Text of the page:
A lot of the usual suspects were mentioned in tournament previews, although looking beyond Davis and White seemed foolhardy. Taylor, the Benson and Hedges Masters winner was priced at 10/1, with Thorne (14/1), and Tony Knowles (40/1) also in the perceived easier section of the draw. Alex Higgins, about to serve a five tournament ban for headbutting World Professional Billiards and Snooker Association (WPBSA) member and tournament director Paul Hatherell, was a 20/1 shot for the title, but a potential second round encounter with his Crucible nemesis Terry Griffiths (40/1) loomed on the horizon.
One young man who was a magnet to the press during the championship was Stephen Hendry, who had reached Sheffield after winning three qualifying rounds. The 18-year-old was tipped for great things, with his manager Ian Doyle stating: "We are not just going to Sheffield to make up the numbers."
The young Scot, who had started playing the sport on a mini table that he received as a present as a 12-year-old, had set himself a target of becoming snooker's youngest ever world champion; Alex Higgins held the record after winning the title as a 22-year-old in 1972. 1987 may have been seen as too early for Hendry, but many felt it was a case of not if, but when would he win his first world title.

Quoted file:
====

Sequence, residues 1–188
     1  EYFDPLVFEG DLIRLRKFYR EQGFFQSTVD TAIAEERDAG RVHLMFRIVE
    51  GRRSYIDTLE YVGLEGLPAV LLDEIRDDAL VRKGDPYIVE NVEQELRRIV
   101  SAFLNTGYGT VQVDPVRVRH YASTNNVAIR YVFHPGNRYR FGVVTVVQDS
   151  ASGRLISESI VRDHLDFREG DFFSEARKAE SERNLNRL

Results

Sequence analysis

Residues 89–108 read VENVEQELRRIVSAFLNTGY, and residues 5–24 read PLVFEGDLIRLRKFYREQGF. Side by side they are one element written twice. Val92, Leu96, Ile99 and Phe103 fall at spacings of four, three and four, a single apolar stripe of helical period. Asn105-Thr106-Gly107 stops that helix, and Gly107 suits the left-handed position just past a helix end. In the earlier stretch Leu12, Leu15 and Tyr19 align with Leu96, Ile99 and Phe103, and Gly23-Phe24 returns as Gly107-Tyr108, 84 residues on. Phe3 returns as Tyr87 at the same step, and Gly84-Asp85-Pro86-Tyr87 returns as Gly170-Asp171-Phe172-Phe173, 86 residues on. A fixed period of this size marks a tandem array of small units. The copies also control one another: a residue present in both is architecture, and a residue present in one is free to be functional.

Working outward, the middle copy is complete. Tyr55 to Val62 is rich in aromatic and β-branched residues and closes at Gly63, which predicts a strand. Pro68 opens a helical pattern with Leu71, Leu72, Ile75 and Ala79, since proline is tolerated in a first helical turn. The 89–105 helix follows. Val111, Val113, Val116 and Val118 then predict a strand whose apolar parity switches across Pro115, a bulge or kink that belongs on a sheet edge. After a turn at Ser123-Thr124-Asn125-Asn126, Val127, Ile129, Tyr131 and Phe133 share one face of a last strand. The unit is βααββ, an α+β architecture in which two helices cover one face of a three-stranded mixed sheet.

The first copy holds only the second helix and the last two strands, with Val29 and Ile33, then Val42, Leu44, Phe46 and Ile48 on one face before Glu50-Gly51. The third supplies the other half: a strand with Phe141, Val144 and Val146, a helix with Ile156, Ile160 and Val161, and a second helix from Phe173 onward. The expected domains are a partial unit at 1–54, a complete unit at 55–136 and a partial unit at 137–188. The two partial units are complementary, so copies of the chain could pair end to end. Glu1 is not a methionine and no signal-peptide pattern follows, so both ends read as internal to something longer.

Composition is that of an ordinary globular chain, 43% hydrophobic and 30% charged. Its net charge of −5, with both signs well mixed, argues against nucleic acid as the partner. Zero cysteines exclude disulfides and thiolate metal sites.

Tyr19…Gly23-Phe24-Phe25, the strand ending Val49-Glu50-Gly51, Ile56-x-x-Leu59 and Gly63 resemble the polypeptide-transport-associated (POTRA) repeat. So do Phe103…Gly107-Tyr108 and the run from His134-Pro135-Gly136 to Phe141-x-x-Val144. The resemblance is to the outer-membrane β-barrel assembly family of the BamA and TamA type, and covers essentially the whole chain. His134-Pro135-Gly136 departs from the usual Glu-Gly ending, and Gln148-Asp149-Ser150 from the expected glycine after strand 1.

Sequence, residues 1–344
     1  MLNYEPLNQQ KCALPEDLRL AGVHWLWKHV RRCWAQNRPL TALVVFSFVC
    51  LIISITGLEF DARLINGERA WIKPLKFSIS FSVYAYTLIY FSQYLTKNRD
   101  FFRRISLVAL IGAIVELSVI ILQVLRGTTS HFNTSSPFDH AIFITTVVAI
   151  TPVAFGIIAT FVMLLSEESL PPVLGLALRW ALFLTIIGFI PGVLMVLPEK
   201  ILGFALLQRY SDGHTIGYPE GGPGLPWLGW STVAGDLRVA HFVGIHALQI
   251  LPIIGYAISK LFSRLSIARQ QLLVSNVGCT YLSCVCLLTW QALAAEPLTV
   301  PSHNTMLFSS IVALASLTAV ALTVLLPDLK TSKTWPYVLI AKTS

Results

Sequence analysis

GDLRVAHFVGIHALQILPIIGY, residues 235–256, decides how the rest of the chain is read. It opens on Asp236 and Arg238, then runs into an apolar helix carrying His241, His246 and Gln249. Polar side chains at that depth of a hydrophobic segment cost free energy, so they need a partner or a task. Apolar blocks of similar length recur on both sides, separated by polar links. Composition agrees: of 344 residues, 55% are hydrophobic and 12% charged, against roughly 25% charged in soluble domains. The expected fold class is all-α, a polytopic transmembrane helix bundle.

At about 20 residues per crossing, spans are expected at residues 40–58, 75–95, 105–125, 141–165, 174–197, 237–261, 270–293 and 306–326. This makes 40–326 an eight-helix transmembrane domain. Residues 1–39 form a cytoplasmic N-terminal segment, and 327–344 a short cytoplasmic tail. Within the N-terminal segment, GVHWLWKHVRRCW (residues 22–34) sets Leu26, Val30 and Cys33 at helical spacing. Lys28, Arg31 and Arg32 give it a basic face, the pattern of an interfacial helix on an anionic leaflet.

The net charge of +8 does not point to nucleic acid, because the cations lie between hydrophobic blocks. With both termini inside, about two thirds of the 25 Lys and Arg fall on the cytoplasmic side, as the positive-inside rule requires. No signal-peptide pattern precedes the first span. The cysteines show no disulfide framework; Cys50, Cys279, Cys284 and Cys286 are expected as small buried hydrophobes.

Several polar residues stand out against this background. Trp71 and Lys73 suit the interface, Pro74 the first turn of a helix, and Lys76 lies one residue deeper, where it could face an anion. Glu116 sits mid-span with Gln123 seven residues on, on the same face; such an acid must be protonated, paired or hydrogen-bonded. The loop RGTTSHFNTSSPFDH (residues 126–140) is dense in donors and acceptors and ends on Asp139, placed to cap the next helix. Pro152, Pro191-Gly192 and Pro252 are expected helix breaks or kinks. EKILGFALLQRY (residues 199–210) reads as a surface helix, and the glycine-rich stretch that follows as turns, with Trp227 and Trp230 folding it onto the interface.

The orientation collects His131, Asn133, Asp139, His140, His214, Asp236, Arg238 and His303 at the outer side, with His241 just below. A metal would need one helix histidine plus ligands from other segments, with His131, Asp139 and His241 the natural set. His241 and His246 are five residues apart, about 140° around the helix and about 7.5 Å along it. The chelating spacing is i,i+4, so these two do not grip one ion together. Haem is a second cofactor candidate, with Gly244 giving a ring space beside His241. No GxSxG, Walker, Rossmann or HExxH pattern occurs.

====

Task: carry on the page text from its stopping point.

Hendry truly announced himself in a first round that was littered with shocks, as many of the old guard slowly started to fade away from the scene. Hendry's 10-7 win over world No7 Thorne left the Leicester man stunned - "How can he go on potting like he does?" - and saw his odds slashed immediately from 66/1 to 12/1 for the title. "He can't win the world title yet," Thorne commented after his loss. "He is just a fraction too loose, but he will become the youngest ever world champion."
Other top ranked players were vanquished by qualifiers. Knowles (world No4) admitted to a huge lack of confidence as he exited 10-6 to Mike Hallett (after leading 6-5), a year of "pot and tell" stories gradually taking their toll; Meo (11) lost 10-8 to John Parrott, with Kirk Stevens' (9) defeat to Steve Longworth meaning that both players would slip outside the top 16 in the world at the start of the next season; and Cliff Thorburn (2) was stunned when New Zealand's Dene O'Kane won nine frames in a row to turn a 5-1 deficit into a 10-5 memorable win.